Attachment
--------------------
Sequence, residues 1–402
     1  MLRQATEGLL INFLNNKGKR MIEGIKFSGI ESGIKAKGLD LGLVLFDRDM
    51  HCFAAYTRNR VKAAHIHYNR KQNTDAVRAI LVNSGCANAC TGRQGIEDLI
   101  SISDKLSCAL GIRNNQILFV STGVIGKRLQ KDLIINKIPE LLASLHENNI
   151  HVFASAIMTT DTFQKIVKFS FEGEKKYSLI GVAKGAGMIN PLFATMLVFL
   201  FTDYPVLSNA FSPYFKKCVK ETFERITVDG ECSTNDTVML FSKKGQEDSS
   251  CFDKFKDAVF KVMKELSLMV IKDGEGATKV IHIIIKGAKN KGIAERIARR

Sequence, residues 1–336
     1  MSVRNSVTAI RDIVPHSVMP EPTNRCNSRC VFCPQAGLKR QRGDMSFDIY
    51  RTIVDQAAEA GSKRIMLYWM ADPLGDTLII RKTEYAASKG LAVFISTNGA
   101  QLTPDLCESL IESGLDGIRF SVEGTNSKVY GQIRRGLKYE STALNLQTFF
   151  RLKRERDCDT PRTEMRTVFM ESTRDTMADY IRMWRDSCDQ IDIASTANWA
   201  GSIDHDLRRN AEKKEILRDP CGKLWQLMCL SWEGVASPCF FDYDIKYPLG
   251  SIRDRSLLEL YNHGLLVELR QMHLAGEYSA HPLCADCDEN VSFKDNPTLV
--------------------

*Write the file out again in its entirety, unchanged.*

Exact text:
Sequence, residues 1–402
     1  MLRQATEGLL INFLNNKGKR MIEGIKFSGI ESGIKAKGLD LGLVLFDRDM
    51  HCFAAYTRNR VKAAHIHYNR KQNTDAVRAI LVNSGCANAC TGRQGIEDLI
   101  SISDKLSCAL GIRNNQILFV STGVIGKRLQ KDLIINKIPE LLASLHENNI
   151  HVFASAIMTT DTFQKIVKFS FEGEKKYSLI GVAKGAGMIN PLFATMLVFL
   201  FTDYPVLSNA FSPYFKKCVK ETFERITVDG ECSTNDTVML FSKKGQEDSS
   251  CFDKFKDAVF KVMKELSLMV IKDGEGATKV IHIIIKGAKN KGIAERIARR

Sequence, residues 1–336
     1  MSVRNSVTAI RDIVPHSVMP EPTNRCNSRC VFCPQAGLKR QRGDMSFDIY
    51  RTIVDQAAEA GSKRIMLYWM ADPLGDTLII RKTEYAASKG LAVFISTNGA
   101  QLTPDLCESL IESGLDGIRF SVEGTNSKVY GQIRRGLKYE STALNLQTFF
   151  RLKRERDCDT PRTEMRTVFM ESTRDTMADY IRMWRDSCDQ IDIASTANWA
   201  GSIDHDLRRN AEKKEILRDP CGKLWQLMCL SWEGVASPCF FDYDIKYPLG
   251  SIRDRSLLEL YNHGLLVELR QMHLAGEYSA HPLCADCDEN VSFKDNPTLV